Marc Rothman says that wood-fired brick ovens are gaining in popularity.
Are wood-fired, brick ovens superior to 'conventional' ovens? Do they result in better bread? If so, what are the chemical and physical processes taking place inside the baking chamber that have beneficial effects?
The key difference lies in the heat regime. A brick oven achieves not just higher temperatures but also better retention, radiation and convection of heat. All these factors result in lighter, airier, crustier bread.
Cooking in a brick oven takes place primarily through radiation – that is heat coming from the oven walls and floor; air temperature is relatively unimportant. With a specific heat capacity of 840 kJ/kg/°C (kilojoules per kilogram per degree centigrade), brick is a better retainer of heat than any metal except aluminium. This means that it holds the heat for longer and - crucially - radiates it more evenly.
This steady emanation of an even, consistent heat guards against one of the great enemies of baking - heat oscillation. In a conventional oven, the in-built heat gauge will automatically cut off the heat supply when the desired temperature is reached, and only switch it back on again after a drop-off in temperature which, in some ovens, can be as much as 20°C. Brick ovens have no such cut-off mechanism, and their superior heat retentive qualities mean that what drop-off does occur is much lower -typically 5°C during baking.
Brick-radiated heat is also kinder to dough. Its wavelength frequency provides a gentler, more penetrative heat, which cooks the dough more evenly and therefore prevents the crust burning before the inside is cooked - always a danger at higher temperatures. And because so much of the heat is conducted directly from the oven floor through the sole of the loaf, it encourages the sugars (originally from starch in the flour) in the dough to migrate upwards, where they caramelise and help to create a crisp, well browned crust.
But it is not just the material of the oven that helps. The heat source plays its role as well.
Wood-fired baking can be carried out with the fire left in the oven (known as black baking) or after it has been swept out (white baking). Black baking is especially suited to pizza, where the presence of fire results, when carefully managed, in flavour-enhancing crust charring.
More importantly, it is only with a wood fire, which burns hotter than gas, that the ideal pizza baking temperature of 450-500°C can be attained. At this heat, pizza will cook in 90 seconds: just long enough for the crust to char and puff up, and quick enough to prevent the toppings from drying out.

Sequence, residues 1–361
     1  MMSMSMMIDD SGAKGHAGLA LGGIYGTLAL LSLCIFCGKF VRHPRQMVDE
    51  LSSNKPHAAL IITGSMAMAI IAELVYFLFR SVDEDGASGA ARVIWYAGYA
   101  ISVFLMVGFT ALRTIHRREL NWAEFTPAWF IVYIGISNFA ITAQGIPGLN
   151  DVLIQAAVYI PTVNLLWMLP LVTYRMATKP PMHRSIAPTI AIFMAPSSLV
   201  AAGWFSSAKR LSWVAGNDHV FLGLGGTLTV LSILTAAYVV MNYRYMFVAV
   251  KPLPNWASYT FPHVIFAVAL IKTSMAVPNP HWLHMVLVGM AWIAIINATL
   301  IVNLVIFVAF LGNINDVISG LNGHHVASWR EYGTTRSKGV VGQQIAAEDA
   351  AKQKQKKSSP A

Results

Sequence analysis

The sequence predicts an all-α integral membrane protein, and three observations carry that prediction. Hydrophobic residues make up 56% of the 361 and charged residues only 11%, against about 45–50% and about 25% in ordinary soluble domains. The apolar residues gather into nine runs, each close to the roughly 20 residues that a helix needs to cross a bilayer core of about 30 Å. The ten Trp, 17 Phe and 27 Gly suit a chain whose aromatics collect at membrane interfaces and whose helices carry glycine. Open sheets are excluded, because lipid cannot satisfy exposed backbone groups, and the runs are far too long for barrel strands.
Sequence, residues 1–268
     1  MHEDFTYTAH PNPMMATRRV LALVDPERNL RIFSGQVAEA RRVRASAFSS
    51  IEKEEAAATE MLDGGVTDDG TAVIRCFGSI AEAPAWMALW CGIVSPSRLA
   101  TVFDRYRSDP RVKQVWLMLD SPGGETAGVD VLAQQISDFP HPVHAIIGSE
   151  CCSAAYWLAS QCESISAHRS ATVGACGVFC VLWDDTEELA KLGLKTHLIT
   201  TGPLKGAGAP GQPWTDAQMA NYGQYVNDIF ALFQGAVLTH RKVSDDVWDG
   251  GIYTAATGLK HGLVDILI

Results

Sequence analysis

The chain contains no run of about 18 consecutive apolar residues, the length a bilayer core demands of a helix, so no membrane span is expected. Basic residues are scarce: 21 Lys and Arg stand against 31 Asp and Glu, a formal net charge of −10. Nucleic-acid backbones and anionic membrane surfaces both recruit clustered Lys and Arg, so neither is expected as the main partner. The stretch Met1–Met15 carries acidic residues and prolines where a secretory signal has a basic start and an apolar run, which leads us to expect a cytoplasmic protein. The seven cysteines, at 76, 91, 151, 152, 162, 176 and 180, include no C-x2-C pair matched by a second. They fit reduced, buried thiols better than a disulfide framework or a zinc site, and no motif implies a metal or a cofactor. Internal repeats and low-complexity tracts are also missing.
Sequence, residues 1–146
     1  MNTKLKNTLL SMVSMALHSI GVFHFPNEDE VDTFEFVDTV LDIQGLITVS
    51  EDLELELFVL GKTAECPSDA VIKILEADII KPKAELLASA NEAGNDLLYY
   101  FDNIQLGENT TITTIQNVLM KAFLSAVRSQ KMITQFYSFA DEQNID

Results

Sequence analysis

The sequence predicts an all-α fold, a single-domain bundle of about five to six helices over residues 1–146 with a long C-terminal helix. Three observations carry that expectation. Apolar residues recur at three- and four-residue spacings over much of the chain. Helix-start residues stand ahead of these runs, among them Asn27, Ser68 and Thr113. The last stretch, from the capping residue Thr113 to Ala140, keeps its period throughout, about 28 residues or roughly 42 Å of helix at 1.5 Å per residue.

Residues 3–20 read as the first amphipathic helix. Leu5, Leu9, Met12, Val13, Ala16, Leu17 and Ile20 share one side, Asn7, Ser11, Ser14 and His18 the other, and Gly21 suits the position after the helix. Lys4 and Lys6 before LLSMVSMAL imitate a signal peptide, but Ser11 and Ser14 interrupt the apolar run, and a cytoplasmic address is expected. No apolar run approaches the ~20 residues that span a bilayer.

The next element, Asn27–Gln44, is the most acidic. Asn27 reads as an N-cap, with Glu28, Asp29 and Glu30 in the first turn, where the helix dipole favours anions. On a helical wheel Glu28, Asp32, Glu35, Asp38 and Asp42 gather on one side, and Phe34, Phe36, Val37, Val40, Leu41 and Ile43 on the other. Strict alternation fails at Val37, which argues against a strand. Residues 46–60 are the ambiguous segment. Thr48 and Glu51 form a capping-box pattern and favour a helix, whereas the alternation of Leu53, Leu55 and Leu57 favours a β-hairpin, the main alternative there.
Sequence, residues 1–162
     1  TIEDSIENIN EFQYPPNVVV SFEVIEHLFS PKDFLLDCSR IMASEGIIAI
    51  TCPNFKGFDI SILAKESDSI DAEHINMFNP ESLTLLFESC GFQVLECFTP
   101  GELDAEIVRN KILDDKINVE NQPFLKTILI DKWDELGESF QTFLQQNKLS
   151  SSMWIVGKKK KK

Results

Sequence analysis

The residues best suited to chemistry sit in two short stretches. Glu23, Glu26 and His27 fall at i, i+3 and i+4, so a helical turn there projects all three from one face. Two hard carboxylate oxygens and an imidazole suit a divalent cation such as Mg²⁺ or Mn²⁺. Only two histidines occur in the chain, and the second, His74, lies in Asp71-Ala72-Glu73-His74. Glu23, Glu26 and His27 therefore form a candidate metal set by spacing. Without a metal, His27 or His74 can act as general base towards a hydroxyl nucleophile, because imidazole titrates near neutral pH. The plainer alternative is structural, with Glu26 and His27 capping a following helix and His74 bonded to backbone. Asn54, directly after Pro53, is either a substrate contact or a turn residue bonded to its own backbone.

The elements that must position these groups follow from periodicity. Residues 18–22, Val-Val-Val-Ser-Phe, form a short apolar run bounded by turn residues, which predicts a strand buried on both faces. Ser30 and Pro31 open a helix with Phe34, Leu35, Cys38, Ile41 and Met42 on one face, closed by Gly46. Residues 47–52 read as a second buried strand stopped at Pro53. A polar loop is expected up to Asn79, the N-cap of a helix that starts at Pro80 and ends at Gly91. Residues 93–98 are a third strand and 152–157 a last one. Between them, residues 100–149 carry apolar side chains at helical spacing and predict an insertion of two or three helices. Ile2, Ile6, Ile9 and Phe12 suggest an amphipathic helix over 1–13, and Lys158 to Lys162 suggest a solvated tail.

For bread baking, the higher heat of the brick oven encourages the much-prized ‘oven spring’, which is due to the gases in the loaf expanding. This increased volume results in a more open crumb and a lighter, airier texture. The crust will be better too, as the higher temperatures increases caramelisation at the surface.
Crust formation is the final part of the baking process that can be improved in a brick oven. As every baker knows, preventing early crusting is essential if the gases inside the loaf are to fully expand. This is achieved through the introduction of steam, but conventional domestic ovens, with their vented chambers and large doors, are not designed for the efficient introduction, retention or extraction of steam. In a brick oven, superior heat retention results in less heat loss when the door is opened for the steam to be introduced. Inside the brick oven, a closed chamber with no heat vents means the steam cannot escape. And when the steam has done its job it can be ventilated by means of convection which, in a properly built and proportioned brick oven, is a natural part of the baking process.
But in the final analysis, it is not so much the shape of the oven that determines results as the material it is constructed from and the nature of the fire used to heat it. Brick, with its superior radiative and retentive qualities, and wood, with its higher burning temperatures, are clearly best.
Marc thanks the following people for their assistance in providing information for this article: Andrew Whitley, author of Bread Matters; Jim Wills of Mary G’s Artisan Breads in Ontario, Canada; and Emily Buehler, author of Bread Science: the Chemistry and Science of Making Bread.
Originally published in True Loaf magazine issue 9, October 2011